Walker ready to take on the world
16 September 2015
LOOK out world – Sarah Walker is gaining momentum.
A year after a horrific crash and a head injury which sidelined the 27-year-old BMX star for five months, Walker is racing hard and has put her competitors on notice.
Speaking to the Beacon from Rock Hill, North Carolina on Sunday, Walker said she felt at the top of her game as she prepares for the final BMX World Cup race of the season in two weeks.
“I love riding my bike at the moment. I am riding as well as I ever have. Each time I race I feel better.
“I think getting more confident in my racing is pretty dangerous for the other competitors and I am excited for that moment.
“I will continue to work hard over the next few weeks.”
In September 2014 at a world cup race in California, Walker crashed and suffered a concussion and broke six bones, including both her arms.
The concussion proved to be the biggest challenge for a time she needed help to brush her teeth.
“I knew my head knock was bad, but I didn’t think it would take the longest to recover.
“I knew I wasn’t ready to stop riding and the only thing that would stop me was the neurologist saying I could never ride again.”
Walker said she hasn’t had migraines in a long time, but said she sometimes struggled to think of words to describe things, but that was a problem before the crash.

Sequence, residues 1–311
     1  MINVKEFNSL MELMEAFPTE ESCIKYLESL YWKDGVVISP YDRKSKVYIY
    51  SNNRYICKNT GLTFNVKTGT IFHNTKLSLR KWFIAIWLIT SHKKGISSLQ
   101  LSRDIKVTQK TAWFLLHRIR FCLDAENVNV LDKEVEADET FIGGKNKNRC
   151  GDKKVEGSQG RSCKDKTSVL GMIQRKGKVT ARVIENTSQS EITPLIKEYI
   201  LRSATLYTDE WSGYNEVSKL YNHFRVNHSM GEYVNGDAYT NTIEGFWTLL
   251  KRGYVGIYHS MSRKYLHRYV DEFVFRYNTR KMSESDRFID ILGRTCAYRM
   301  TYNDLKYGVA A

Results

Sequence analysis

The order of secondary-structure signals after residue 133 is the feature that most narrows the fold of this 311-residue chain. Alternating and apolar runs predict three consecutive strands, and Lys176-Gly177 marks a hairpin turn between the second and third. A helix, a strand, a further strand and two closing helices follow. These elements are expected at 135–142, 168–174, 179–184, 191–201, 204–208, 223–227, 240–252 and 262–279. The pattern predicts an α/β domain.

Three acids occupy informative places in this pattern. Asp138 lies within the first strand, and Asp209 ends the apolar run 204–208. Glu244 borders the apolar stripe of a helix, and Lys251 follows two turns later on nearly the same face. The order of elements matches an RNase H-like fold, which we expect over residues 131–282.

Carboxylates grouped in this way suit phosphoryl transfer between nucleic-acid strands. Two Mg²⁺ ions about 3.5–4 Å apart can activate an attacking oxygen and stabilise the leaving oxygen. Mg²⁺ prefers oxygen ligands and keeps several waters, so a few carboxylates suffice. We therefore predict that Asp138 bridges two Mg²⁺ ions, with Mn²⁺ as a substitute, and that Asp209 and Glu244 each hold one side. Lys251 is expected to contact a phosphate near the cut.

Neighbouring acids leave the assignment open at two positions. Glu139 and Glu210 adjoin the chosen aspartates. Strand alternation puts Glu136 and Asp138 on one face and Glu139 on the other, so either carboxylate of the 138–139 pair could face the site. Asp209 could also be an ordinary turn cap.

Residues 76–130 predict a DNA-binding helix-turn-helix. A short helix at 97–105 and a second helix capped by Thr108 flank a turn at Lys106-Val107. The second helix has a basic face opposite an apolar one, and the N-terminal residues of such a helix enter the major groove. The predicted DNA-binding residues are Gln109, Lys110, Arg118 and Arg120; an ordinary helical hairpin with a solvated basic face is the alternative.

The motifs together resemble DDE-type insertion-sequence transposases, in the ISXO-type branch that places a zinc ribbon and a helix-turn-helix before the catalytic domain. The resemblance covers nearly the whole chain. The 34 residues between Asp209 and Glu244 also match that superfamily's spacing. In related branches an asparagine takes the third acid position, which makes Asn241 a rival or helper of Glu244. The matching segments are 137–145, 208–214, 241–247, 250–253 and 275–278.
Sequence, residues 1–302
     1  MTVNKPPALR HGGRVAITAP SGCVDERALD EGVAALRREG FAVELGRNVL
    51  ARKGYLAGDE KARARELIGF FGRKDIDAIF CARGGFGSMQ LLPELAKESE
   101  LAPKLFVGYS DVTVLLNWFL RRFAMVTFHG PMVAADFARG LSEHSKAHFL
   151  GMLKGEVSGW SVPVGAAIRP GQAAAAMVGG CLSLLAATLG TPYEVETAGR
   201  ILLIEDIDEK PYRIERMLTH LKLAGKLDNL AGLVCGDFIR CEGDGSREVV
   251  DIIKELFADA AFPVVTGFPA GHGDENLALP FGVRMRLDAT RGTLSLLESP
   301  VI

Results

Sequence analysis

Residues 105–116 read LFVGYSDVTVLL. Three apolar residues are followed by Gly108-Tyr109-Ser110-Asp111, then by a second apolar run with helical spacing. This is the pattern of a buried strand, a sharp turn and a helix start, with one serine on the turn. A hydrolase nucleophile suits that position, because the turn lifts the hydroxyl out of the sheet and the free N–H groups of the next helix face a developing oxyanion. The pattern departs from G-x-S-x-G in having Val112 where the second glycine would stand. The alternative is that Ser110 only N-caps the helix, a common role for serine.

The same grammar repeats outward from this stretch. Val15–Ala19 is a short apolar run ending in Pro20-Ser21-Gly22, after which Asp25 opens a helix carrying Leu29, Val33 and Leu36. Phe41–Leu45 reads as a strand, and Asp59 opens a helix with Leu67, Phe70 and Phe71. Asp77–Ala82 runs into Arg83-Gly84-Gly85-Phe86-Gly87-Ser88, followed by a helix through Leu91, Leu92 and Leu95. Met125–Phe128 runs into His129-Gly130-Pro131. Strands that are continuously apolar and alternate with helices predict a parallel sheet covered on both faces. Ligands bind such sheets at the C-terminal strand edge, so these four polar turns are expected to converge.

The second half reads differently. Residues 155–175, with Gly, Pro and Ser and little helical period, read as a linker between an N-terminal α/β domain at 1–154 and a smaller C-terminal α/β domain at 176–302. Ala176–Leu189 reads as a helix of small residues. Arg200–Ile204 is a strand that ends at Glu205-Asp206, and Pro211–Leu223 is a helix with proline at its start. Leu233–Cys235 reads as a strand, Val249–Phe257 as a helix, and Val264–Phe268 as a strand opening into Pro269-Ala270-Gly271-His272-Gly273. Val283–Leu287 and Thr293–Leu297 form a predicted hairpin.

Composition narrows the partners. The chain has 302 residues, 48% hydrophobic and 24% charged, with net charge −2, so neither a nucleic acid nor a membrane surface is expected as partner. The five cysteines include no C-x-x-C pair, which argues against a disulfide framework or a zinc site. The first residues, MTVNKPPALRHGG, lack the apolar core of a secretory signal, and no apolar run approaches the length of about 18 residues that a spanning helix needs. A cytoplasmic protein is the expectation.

Her new-found confidence has led to success in reaching semi-finals in world cup races, taking on jumps she never has before and winning a bronze medal in the elite women’s time trial event at the world championships in July.
Walker said she has learned a lot since the crash and was keen to be a part of next year’s Olympic Games, and event she won a silver medal in at the London games in 2012.
“The biggest thing to come out of this is my drive to be in pain voluntarily. I want to be sore from the gym and training.
“I would rather push my limit and fail than hold back and fail anyway.
“Being in that pain through injury has helped so much to push myself harder than I have been able to.
“I think this has been a better build up than London. The potential is there to be faster than I ever have and it’s crazy to think what could come out of this.
“Sometimes you have to take those backward steps to catapult forward and I hope that is what happens.”
Walker is a veteran of the BMX circuit, winning multiple world titles and is in her third Olympic cycle.
She has always been an advocate for the enjoyment of the sport – her primary reason to continue.
“I enjoy it even more so now. When I wasn’t riding all I could think about was getting out there. I appreciate it even more now.
“The part that it effected the most is the racing and I am still adjusting to that.
“Having no control over my competitors is the part I am still quite nervous about. It could be a mistake some else makes that ends my career which is no different than it was before, it is now a bit more real.”
After the world cup race, Walker will fly to Rio de Janeiro for a test event on the Olympic track. She will collecting points to qualify a bike for New Zealand at next year’s games.
To earn a tick to Rio, Walker would have to meet criteria for Bike NZ although she is comfortably in the box seat.
Source: Whakatane Beacon
Photo: By Fairfax